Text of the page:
Analysis of membrane-associated PPi hydrolytic activity showed that, in YPC4, the presence of GFP at the N-terminus of AVP1 increased the specific activity of the resulting protein 3–4-fold with respect to AVP1 and TcAVP1. In mutant BJ5457, the specific PPase activities associated with AVP1, TcAVP1 and TcGFPAVP1 were significantly increased with respect to the same proteins expressed in YPC4. The increases were much higher in the cases of AVP1 (approx. 6-fold) and TcAVP1 (approx. 4-fold) than in the case of TcGFPAVP1 (approx. 1.7-fold) (Figure 6B).

Fluorescent microscopy visualization of YPC4 and BJ5457 cells transformed with plasmid pTcGFPAVP1 remarkably showed different patterns of green fluorescence distribution, thus, in YPC4 cells, a punctate pattern was observed, suggesting a preferential accumulation of green fluorescence in internal membrane systems other than the vacuolar membrane. In contrast, green fluorescence mostly associated with the latter was clearly observed in BJ5457 cells (Figure 6C).

DISCUSSION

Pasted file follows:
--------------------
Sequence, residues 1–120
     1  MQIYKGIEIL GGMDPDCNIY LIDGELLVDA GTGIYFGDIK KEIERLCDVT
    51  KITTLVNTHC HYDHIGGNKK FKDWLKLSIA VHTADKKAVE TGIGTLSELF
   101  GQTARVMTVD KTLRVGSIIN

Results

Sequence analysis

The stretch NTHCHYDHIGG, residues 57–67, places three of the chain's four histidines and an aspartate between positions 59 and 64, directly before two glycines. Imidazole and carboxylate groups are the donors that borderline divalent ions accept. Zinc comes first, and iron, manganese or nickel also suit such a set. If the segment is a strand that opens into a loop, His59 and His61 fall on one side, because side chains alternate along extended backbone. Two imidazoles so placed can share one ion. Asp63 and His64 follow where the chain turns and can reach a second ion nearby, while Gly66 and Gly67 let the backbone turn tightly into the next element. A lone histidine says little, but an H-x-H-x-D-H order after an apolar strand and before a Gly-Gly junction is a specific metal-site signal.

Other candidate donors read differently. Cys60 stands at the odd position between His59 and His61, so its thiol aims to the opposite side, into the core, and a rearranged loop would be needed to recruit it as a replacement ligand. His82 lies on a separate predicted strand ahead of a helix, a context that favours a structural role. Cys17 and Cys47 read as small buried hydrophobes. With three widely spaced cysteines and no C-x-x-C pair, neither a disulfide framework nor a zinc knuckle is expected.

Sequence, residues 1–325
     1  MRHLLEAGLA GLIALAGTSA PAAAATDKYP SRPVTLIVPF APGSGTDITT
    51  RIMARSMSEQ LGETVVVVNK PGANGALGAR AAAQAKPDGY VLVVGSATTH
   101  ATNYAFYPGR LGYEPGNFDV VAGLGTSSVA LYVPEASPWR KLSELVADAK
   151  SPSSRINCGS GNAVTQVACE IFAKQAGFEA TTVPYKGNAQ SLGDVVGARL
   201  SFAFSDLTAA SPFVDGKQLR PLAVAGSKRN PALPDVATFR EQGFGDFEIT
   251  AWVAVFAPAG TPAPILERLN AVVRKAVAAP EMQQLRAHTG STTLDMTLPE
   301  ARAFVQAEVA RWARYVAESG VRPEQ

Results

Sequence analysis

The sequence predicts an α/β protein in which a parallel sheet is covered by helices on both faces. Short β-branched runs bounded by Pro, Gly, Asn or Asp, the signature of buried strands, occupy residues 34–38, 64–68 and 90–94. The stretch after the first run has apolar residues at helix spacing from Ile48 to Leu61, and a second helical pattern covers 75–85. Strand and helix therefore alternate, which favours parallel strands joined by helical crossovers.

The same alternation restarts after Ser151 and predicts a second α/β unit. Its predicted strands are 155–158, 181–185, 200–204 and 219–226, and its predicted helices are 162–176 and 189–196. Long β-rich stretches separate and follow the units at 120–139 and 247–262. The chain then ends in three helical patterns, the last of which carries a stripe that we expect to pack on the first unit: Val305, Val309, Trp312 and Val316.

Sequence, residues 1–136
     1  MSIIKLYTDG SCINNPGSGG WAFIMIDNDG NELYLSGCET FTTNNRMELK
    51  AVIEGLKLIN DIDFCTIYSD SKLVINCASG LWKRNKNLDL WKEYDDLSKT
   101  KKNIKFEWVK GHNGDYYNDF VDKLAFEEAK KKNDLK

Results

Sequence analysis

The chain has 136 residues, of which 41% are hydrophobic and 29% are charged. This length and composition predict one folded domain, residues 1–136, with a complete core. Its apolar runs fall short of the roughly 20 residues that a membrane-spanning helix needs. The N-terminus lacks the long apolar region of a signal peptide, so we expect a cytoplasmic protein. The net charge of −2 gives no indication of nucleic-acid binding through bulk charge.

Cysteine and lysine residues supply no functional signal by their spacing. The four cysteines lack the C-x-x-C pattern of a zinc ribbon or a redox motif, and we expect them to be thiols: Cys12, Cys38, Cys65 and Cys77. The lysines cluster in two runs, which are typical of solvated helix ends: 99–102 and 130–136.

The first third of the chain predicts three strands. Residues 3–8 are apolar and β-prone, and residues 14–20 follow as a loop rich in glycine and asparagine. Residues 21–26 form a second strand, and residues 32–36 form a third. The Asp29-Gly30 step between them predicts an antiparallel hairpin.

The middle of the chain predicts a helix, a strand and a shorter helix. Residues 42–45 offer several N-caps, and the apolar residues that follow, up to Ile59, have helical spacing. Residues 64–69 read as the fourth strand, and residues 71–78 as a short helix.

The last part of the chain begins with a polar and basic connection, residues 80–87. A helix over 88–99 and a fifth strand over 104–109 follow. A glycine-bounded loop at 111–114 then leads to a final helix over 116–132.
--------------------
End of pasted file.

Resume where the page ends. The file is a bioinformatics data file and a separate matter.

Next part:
In previous studies, we emulated in yeast the cytosolic PPi metabolism of the plant cell, i.e. absence of a soluble cytosolic PPase, so that the PPi generated by the anabolism was efficiently hydrolysed by a membrane-embedded PPi-dependent proton pump [21,28]. In the present study, we have taken one step forward using a metabolic background in which the ATP-dependent proton pump of yeast internal membranes, the V-ATPase, has been either chemically inhibited or functionally impaired by mutation of a gene encoding an essential catalytic subunit. The results obtained strongly suggest that a distinct type of PPi-dependent proton pump can efficiently substitute for the V-ATPase of S. cerevisiae in diverse physiological scenarios. Thus overexpression of the K+-dependent H+-PPase from the higher plant A. thaliana, a protein that occurs along with a V-ATPase in plant tonoplast [18], alleviates the range of phenotypes associated with the lack of the latter. The presence of an appropriate N-terminal domain proved to be important in order to observe the optimal phenotypic complementation in our system. The N-terminal domain with signal sequence features of a protistan H+-PPase, when fused to AVP1, alters the subcellular distribution of the latter so that it becomes preferentially located in internal membranes of yeast [21]. Not surprisingly, as shown in the present study, chimaeric proteins of AVP1, constructed with that signal peptide (TcAVP1 and TcGFPAVP1), functionally substituted for the V-ATPase more efficiently than the native AVP1 protein with no extra N-terminal domain. The difference in favour of TcGFPAVP1 compared with TcAVP1 is probably due to the higher overall expression levels attained by the former (see below). Actually, under non-restrictive conditions towards Vma defects, TcGFPAVP1 supports growth of YPC4 more efficiently than TcAVP1 (Figure 2A) which means that the former is more efficient at complementing the phenotype associated with the absence of Ipp1p. Addition of GFP at the N-terminus of some membrane proteins has been previously reported either because it stabilizes proteins expressed in heterologous systems or because the presence of GFP at the C-terminus yields polypeptides with no activity [21,38,39]. In fact, both assumptions are true for the plant H+-PPase AVP1 expressed in yeast, as the present study and our previous study [21] demonstrates.